"Concept Dependancy", what is it called in linguistics?

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"Concept Dependancy", what is it called in linguistics?

Postby 01AutoMonkey » Tue Mar 17, 2015 2:04 pm UTC

I have this blurry idea of something called "concept dependency" and I'm wondering if linguistics (which I know little about) has an term for it and therefor books or media I could study.

Concept dependancy would be: to understand Concept X you first have to understand Concept Y, Z, K, L, and U, or.. to understand wikipedia article X you have to understand many and preferibly all terms/concepts/phrases used in that article.

Or for example when you're learning a programming language, you've mastered 50% of the basic syntax and you watch a video of a talk on the language, you understand 52% of the video but when he or she starts explaining things with things in the language you haven't learned yet you don't understand what is being said, so for the meaning of the talk to be transmitted you have to understand concepts which it depends on, so different texts depend on varyingly deep hiearchies of dependant terms that must be understood first to understand the text fully.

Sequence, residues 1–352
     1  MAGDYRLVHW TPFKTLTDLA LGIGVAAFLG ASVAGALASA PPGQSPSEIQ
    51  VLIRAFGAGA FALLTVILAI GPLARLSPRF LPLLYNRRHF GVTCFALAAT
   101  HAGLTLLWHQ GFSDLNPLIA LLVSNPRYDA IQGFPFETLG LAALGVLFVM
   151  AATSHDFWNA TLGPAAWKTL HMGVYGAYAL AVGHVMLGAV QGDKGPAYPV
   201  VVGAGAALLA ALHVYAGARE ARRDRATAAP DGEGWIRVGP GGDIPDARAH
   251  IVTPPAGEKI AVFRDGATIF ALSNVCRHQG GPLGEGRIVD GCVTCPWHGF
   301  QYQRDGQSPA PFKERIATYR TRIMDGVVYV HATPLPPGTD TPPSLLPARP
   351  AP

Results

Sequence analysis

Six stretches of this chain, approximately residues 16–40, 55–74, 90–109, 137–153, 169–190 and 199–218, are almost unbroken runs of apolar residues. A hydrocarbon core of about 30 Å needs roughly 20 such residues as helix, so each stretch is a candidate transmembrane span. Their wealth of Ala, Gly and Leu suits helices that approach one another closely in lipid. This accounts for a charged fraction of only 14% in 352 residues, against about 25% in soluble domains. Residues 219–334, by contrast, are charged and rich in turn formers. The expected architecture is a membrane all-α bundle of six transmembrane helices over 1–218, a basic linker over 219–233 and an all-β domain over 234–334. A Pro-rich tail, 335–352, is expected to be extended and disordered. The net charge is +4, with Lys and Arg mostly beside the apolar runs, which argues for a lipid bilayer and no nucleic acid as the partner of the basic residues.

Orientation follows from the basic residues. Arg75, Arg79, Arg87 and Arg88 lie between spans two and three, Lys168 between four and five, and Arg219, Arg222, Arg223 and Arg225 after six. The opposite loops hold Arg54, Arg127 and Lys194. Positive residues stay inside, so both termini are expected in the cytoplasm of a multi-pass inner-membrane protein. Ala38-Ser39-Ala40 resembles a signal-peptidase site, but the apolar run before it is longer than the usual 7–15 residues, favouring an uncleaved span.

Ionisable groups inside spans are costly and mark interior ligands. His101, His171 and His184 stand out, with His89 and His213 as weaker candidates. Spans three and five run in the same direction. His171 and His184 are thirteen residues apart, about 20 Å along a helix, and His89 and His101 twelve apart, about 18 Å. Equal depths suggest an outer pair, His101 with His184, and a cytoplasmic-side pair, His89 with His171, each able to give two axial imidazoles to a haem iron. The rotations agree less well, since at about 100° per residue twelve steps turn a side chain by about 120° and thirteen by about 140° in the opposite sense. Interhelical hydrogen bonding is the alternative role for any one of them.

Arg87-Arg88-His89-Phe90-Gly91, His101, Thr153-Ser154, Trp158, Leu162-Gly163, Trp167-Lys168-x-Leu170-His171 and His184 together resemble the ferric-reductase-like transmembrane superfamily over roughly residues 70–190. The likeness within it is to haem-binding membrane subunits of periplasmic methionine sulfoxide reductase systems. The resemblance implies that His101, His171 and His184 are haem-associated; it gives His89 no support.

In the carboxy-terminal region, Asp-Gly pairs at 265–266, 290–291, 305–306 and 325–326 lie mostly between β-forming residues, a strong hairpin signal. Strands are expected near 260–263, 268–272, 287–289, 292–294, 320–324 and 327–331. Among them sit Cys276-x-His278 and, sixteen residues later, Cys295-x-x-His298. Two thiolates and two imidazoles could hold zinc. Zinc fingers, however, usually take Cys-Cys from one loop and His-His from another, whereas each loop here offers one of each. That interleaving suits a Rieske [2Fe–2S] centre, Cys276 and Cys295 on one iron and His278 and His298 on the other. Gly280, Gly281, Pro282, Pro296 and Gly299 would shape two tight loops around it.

In theory you could maybe create a hierarchical tree mapping out the concept dependancy of any concept.

So what would this be called in linguistics and/or how can I read about it?

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Re: "Concept Dependancy", what is it called in linguistics?

Postby Sizik » Tue Mar 17, 2015 5:48 pm UTC

"Prerequisite knowledge" seems to be a good fit.
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